- Renowned investor Jeremy Grantham told CNBC on Wednesday that the US stock market seems to be forming a ‘Real McCoy’ bubble that may end up hurting investors.
- Grantham, said this may be the fourth and most “crazy” major market bubble in his long career, referring to the strong rebound in US stocks from coronavirus-induced lows in March.
- The investing legend is notable for calling out three previous market bubbles: Japan in 1989, the tech bubble in 2000, and the US housing crash in 2008.
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A stock market legend, Jeremy Grantham, seems certain that the US stock market’s strong recovery from its historic lows in March will end up in pain for investors.
“My confidence is rising quite rapidly that this is, in fact, becoming the fourth real McCoy bubble of my investment career,” he said in a CNBC “Closing Bell” interview aired on Wednesday.
“The great bubbles can go on a long time and inflict a lot of pain but at least I think we know now that we’re in one.”
Grantham presented an alarming scenario in which uncontrolled day traders who are out of work and into heavy market speculation around bankrupt companies, including car-rental firm Hertz, may just be the most “crazy” market he’s seen in his career.
“It is a rally without precedence,” he told CNBC’s anchor Wilfred Frost, noting that the market rebound clashes with other harsh economic realities including a low point for health, unemployment numbers, and a rising growth of bankruptcies.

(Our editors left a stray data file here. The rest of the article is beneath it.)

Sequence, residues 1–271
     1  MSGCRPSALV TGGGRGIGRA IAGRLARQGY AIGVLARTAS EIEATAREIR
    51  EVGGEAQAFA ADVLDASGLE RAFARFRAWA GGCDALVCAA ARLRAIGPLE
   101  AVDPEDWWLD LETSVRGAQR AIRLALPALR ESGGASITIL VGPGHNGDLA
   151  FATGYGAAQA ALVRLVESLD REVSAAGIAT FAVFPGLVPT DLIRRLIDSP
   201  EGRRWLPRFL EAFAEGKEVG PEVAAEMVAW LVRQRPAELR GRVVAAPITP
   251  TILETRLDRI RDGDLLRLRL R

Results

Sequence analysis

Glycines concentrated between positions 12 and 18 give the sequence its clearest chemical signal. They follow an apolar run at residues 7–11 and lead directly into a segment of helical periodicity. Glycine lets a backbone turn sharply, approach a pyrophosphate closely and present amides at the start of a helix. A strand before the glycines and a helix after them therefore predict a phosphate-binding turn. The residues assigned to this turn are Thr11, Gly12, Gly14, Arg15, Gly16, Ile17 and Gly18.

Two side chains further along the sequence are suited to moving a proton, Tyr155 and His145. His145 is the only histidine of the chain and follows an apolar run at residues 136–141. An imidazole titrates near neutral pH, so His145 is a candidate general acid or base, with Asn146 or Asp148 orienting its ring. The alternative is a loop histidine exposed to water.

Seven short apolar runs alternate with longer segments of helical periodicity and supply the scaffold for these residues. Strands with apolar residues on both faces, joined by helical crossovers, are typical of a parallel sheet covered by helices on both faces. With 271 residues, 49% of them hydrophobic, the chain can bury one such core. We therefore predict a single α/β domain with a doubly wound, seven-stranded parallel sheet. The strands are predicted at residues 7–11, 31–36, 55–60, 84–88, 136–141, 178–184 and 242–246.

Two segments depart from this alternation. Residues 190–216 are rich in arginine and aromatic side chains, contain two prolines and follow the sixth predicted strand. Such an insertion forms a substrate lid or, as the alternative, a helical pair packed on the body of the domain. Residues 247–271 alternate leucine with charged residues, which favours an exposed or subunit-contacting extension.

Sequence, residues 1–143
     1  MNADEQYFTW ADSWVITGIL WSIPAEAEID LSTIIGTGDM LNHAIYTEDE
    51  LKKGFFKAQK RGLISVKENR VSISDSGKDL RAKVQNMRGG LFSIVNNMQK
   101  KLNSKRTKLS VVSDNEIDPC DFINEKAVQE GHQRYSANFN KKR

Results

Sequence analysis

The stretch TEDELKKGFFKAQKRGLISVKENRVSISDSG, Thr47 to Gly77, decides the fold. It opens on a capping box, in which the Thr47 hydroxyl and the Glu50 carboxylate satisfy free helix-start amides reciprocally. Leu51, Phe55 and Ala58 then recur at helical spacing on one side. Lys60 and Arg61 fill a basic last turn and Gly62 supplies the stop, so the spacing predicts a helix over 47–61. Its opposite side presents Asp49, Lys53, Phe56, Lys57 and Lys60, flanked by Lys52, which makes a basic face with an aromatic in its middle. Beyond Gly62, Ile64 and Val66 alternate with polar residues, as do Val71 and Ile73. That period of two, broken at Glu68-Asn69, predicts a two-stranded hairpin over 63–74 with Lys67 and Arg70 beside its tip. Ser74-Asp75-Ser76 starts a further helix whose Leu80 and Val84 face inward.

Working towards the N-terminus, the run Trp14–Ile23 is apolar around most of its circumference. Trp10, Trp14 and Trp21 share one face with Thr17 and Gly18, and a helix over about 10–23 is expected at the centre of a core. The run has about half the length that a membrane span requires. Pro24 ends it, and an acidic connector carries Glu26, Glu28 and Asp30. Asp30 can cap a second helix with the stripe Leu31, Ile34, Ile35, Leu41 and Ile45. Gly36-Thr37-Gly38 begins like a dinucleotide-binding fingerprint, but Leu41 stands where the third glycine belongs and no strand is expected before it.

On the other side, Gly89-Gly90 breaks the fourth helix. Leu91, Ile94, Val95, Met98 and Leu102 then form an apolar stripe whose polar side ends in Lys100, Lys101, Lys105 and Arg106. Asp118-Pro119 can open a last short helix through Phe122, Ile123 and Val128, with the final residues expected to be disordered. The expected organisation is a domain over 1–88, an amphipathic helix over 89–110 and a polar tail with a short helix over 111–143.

US stocks have been rallying in the past week despite investor fears over a second coronavirus wave and rising geopolitical tensions.
But a steady flow of government stimulus, that Grantham called a “favourable environment” for speculative investors, seems to have put a rocket under stocks and kept all major US stock markets climbing, with major US indexes up more than a third from their March lows.
On investor exposure to US equities, Grantham said: “I think a good number now is zero and less than zero might not be a bad idea if you can stand that.”
Grantham, a co-founder and chief investment strategist of Boston-based asset management firm GMO, is noteworthy for his accurate predictions related to three major prior market bubbles.
Grantham called Japan’s asset price bubble in 1989, the dot-com bubble in 2000, and the housing crisis of 2008.
In anticipation of those market downturns, he warned that stocks were overvalued both in 2000 and 2007, according to the Wall Street Journal.
Back then, he also mentioned how the relationship between home prices and income had become removed from reality, and that at least one large financial institution would fail.
The subsequent 2008 financial crisis proved his predictions right.